GLENDALE, Ariz. -- Ned Colletti and Don Mattingly are checking out the dozen prospects in town for the annual Winter Development Camp, but the big league club remains job No. 1.
The general manager said the Dodgers who are recovering from injuries -- including Matt Kemp, Carl Crawford and Chad Billingsley -- are on schedule to participate in Spring Training, although that comes with a disclaimer: Baseball activities just started and the injured haven't really been tested.
Kemp stopped by Camelback Ranch-Glendale on Wednesday to take some swings off the tee with hitting coach Mark McGwire.
Colletti said he's happy with the roster as it stands and gave no indication of an imminent trade or free-agent signing.
"We're fine right now if we come into camp, we're in a good spot," Colletti said.
That spot includes eight starting pitchers, with the signings of Zack Greinke and Hyun-Jin Ryu. It includes Hanley Ramirez and Luis Cruz still tentatively at shortstop and third base, respectively, even though in winter ball Ramirez hasn't played much shortstop (even though the club wanted him to) and Cruz didn't hit well (apparently feeling the effects of the flu).
Speaking of spots, Mattingly addressed the leadoff spot in the batting order one day after visiting with Crawford. Mattingly said Crawford expects to be healed from Tommy John surgery to be the starting left fielder.
As for batting leadoff, Mattingly said Crawford is willing to bat in the No. 1 spot, even though there is a generally accepted belief in the game that Crawford prefers the No. 2 hole.
"He said he didn't know where that came from," the manager said. "He said he heard that on ESPN. He said he would do whatever we want him to do. That said, he's had his most success in the two-hole."
But Mattingly said leadoff is the one spot in the order he will need to sort out during Spring Training.
"Not having a true leadoff guy," he said, "we'll have to work on that in the spring. Mark Ellis was really good against lefties. Skip [Schumaker], Nick [Punto]. There are different combinations we could hit on top."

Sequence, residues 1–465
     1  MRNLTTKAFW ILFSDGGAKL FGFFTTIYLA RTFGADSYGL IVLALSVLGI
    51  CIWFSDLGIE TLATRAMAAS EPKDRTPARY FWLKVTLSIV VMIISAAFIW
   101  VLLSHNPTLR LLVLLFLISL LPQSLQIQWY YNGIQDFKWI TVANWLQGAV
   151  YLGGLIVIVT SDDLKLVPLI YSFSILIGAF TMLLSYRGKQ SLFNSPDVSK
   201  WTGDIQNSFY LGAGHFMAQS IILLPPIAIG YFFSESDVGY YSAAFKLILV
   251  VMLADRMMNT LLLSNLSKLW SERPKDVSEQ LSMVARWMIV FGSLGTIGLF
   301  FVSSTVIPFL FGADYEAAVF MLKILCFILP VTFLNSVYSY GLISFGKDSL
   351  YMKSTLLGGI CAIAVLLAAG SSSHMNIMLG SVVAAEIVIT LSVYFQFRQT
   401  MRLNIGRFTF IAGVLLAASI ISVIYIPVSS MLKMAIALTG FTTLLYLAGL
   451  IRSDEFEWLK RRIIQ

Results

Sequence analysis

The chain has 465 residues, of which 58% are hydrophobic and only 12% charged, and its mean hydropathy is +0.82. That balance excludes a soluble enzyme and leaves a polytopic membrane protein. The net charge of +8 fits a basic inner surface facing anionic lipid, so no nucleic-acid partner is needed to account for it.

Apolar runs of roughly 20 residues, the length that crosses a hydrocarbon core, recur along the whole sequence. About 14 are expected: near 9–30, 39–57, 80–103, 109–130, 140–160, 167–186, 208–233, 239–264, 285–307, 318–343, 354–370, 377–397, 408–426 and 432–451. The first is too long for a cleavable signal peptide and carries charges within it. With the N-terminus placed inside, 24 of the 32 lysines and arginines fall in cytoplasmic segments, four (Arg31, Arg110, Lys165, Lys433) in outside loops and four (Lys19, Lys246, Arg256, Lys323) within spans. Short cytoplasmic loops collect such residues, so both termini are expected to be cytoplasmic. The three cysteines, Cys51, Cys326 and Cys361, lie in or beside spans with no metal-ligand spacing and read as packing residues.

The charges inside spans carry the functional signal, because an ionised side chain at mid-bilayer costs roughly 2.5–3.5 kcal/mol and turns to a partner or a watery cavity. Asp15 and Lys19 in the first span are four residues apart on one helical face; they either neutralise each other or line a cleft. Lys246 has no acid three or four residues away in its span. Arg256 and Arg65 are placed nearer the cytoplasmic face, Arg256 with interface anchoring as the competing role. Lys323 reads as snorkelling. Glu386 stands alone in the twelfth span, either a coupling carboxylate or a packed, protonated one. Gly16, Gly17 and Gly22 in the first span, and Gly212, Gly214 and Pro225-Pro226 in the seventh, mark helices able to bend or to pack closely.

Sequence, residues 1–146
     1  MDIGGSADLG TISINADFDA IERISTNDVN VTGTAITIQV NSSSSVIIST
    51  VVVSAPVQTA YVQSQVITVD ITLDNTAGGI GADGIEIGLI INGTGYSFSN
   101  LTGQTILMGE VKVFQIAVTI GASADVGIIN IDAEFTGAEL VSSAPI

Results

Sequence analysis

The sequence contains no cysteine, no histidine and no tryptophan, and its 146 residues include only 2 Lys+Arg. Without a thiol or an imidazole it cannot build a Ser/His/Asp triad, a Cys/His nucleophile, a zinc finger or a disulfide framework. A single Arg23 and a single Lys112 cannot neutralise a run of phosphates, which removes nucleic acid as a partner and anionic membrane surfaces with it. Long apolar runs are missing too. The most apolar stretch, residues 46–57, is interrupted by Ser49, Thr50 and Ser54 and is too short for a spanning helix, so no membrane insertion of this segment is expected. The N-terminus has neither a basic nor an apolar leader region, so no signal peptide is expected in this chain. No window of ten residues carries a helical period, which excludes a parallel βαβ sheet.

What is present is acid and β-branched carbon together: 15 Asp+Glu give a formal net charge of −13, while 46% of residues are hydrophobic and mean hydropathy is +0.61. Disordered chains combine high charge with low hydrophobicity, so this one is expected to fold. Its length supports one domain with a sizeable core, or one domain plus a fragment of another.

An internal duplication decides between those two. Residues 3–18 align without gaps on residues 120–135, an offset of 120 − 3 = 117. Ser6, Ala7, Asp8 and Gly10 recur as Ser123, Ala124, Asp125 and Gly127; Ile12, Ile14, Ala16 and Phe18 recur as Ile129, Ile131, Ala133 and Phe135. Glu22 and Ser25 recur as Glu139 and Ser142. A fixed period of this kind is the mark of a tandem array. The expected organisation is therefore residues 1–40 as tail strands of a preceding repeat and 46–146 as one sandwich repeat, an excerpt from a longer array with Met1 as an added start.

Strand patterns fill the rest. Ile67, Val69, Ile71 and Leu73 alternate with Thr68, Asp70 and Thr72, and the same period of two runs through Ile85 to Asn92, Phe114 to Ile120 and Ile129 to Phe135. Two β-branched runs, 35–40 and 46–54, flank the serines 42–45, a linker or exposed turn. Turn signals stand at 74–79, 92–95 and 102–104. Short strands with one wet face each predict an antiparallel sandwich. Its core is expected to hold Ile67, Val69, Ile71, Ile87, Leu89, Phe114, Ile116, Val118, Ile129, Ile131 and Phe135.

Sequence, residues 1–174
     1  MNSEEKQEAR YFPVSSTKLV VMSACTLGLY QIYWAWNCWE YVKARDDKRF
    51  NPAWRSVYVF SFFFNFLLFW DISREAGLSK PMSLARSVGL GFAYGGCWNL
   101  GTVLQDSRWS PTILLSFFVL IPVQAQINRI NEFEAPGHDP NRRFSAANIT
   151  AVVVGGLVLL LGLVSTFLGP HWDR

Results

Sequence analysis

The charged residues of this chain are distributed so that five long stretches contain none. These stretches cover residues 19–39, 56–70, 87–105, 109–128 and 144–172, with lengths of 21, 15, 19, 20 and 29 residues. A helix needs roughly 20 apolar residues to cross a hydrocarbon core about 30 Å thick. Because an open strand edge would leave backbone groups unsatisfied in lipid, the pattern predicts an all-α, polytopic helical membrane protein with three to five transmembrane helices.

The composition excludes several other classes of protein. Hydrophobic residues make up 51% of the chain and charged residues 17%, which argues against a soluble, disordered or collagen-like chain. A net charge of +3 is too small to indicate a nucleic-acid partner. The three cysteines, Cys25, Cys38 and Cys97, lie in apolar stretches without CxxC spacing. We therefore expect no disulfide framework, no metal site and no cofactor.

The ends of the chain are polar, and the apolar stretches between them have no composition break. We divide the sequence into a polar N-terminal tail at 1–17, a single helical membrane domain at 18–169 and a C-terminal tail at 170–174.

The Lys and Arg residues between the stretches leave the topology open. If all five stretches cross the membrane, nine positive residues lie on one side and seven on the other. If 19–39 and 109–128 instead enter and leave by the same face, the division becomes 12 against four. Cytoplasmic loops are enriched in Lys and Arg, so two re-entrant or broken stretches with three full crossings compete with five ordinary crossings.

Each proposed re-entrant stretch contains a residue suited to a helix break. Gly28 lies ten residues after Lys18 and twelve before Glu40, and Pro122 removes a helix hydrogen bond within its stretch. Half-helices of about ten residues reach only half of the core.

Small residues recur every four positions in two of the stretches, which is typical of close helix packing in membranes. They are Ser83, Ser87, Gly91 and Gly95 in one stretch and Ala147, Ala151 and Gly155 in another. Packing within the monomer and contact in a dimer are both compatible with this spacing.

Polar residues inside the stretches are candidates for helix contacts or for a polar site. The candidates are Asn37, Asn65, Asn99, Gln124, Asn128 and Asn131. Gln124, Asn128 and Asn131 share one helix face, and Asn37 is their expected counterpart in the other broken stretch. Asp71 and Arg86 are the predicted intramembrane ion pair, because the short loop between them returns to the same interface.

Dee Gordon would be a "true" leadoff guy, but he is likely headed to Triple-A if Ramirez starts at short. Colletti said the club has discussed internally moving Gordon to the outfield, but Colletti and Mattingly are against it.
"Everybody I talk to [meaning mostly other managers] talks about him at shortstop," Mattingly said. "My personal opinion is I hate to give up on him at shortstop. If we get solid defense and with his speed offensively, we've got a great player."
"We asked a lot of him last year," Colletti said. "You've got to be patient. You won't find that skill set in the middle of the infield."
The surplus of starting pitchers puts Colletti and Mattingly in an unusual position. If everybody is healthy, there won't be room in the rotation for Ted Lilly, Aaron Harang and Chris Capuano, all established starters, each up for free agency after the season.
At least one of them could assume the long reliever role handled by Jamey Wright last year, but what about the other two? Mattingly said all eight would be treated like starters in Spring Training. Billingsley is coming off a partially torn elbow ligament and Lilly shoulder surgery, so there are health questions that need answering.
"It starts with conversations and Rick [Honeycutt, pitching coach] has talked to them," Mattingly said of potentially reduced innings and bruised egos. "They are veteran guys, they've been around. It's not going to be like young guys that don't understand. You're dealing with pros."
"The sense I've gotten," said Colletti, "is they'd rather not be traded. I've not had one agent say they don't want to be a part of it. They want to compete and see how it turns out. For me, it's always fluid. One day you have too many, the next day too little."
Ken Gurnick is a reporter for MLB.com.